Later that evening, between 8:00 and 9:00 pm, while riding with Armfield and Nelson in a car driven by Randall's girlfriend, Randall spotted Copeland again. Randall told his girlfriend to drive to his residence, where Armfield and Nelson armed themselves. They tracked down Copeland as he drove away from his own girlfriend's home. As Copeland approached an intersection, Randall gave the signal: shoot Copeland. Armfield and Nelson sprang from their car, ran toward Copeland, and fired multiple shots into his vehicle, killing him.

The state charged Armfield, Randall, and Nelson with first-degree murder. Armfield and his codefendants proceeded to trial before two juries-one jury for Armfield and Randall, the other for Nelson. The two trials, though separate, occurred simultaneously before the same judge, with the juries and defendants shuffling in and out depending on the evidence presented.1

No doubt this arrangement contributed to the mishap at the center of this habeas petition. During deliberations, the Armfield/Randall jury requested a transcript of certain witnesses' testimony. The court, by mistake, tendered a trial transcript containing the prosecutor's opening statements from Nelson's case. The Armfield/Randall jury had not heard this version. Therein, the prosecutor referenced a videotaped statement from Nelson that purported to implicate all three defendants in the murder: And, ladies and gentlemen, you're also going to see a statement given to a Cook County assistant state's attorney that was videotaped of [Nelson] confessing to shooting Al Copeland and laying out essentially the same facts that I just told you. You will see him tell you how he and his partners murdered Al Copeland in his own words.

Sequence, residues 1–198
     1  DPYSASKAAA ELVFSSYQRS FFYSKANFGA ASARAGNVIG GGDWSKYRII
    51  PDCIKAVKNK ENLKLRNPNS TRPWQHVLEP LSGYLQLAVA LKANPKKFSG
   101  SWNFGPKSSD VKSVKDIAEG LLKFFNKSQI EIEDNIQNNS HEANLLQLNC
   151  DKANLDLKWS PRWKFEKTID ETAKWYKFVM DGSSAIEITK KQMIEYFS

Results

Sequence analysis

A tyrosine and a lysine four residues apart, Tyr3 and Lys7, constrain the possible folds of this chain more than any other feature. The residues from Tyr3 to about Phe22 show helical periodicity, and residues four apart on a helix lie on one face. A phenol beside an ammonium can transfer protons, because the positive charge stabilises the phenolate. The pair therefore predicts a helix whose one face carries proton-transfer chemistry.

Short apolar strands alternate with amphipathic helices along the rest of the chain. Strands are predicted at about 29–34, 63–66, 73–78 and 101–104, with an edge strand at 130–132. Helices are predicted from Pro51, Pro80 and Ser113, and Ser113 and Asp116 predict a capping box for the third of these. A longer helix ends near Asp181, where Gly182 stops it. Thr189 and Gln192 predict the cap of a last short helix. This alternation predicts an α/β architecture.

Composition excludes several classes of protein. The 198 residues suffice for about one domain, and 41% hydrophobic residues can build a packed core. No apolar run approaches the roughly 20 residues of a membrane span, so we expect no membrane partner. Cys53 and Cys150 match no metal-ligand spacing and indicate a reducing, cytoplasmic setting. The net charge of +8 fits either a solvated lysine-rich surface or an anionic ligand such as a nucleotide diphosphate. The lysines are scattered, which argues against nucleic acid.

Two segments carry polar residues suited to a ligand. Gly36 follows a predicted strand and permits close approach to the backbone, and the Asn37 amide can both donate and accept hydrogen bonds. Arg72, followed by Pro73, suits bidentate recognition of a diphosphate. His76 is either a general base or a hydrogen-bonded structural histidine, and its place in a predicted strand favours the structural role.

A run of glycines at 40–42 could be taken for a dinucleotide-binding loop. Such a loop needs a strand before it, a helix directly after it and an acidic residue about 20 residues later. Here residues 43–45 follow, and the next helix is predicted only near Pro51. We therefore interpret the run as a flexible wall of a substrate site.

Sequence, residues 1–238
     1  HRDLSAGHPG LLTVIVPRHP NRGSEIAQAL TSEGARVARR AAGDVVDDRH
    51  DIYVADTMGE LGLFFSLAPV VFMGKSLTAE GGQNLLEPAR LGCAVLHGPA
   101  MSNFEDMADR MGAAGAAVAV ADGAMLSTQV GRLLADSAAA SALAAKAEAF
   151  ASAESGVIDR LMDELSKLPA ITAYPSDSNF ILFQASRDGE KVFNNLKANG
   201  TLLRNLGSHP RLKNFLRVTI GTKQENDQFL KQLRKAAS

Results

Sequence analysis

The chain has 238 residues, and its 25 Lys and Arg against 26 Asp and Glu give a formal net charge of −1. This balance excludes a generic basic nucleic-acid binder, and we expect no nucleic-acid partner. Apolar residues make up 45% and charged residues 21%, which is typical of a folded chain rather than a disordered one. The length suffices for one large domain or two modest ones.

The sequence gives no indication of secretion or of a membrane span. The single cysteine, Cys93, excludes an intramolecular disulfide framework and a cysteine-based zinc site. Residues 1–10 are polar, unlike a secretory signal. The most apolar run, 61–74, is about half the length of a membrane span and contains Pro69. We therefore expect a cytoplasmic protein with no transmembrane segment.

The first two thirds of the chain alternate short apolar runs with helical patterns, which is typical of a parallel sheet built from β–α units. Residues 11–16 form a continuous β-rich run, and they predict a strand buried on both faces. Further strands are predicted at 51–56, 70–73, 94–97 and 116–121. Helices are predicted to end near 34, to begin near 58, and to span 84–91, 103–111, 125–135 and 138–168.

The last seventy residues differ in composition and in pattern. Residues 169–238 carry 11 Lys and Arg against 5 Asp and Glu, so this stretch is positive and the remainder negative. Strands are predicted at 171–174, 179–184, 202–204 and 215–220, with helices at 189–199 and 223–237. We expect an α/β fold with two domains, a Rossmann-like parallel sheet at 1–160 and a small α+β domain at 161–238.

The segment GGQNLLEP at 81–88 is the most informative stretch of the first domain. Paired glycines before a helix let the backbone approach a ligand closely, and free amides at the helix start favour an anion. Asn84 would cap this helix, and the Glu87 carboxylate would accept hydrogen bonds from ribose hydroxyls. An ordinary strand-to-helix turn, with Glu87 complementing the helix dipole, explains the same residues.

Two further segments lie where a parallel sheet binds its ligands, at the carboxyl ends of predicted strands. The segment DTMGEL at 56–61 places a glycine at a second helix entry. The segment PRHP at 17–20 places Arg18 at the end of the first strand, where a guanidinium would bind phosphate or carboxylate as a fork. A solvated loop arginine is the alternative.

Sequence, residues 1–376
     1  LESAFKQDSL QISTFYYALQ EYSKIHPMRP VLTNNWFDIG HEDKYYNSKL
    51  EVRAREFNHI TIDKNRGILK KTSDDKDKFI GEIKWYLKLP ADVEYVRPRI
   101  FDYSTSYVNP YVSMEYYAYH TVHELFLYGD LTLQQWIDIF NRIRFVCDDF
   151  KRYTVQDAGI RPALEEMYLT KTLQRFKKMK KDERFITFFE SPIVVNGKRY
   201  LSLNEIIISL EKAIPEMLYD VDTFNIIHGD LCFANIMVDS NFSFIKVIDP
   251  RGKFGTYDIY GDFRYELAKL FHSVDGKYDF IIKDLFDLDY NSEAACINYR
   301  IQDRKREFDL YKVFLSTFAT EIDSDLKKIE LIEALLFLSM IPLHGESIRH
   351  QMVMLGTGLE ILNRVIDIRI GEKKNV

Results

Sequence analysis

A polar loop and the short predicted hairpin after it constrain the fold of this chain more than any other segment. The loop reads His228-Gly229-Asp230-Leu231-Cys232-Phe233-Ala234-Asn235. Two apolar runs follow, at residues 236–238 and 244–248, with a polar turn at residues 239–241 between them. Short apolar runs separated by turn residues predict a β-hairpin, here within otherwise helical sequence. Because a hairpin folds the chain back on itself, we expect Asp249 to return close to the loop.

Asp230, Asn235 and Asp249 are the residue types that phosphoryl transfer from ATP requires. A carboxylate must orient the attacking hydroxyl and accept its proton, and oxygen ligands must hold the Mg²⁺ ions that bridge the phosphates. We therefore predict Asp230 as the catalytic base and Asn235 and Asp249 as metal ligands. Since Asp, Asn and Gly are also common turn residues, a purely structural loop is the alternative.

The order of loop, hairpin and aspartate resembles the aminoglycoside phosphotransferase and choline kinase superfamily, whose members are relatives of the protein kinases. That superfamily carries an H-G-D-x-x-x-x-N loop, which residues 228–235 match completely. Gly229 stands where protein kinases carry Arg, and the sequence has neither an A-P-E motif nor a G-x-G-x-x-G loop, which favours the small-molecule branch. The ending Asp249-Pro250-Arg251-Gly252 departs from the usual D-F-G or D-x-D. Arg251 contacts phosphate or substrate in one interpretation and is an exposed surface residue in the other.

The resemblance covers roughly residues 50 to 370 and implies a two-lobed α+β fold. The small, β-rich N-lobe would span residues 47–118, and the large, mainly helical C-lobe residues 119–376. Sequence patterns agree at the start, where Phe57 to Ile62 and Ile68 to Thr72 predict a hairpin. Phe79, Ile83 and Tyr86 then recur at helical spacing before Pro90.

Supp. App'x at 164.

Neither this snippet nor Nelson's confession were presented as evidence of Armfield's involvement. For that, the state leaned primarily on eyewitness testimony rather than physical evidence.